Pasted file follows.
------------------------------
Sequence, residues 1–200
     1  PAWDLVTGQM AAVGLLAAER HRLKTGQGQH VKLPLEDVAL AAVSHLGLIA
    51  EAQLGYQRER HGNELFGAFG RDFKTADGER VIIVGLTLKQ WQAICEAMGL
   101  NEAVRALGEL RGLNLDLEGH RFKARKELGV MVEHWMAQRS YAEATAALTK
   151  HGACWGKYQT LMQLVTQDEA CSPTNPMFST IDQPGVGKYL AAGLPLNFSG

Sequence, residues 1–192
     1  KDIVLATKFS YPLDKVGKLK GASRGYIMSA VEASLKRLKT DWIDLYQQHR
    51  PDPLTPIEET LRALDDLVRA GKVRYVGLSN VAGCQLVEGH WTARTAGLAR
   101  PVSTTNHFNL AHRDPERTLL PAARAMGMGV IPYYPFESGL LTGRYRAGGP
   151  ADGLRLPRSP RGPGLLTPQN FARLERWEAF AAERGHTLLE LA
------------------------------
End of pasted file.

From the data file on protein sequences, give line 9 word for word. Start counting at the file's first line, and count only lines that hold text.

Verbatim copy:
   101  PVSTTNHFNL AHRDPERTLL PAARAMGMGV IPYYPFESGL LTGRYRAGGP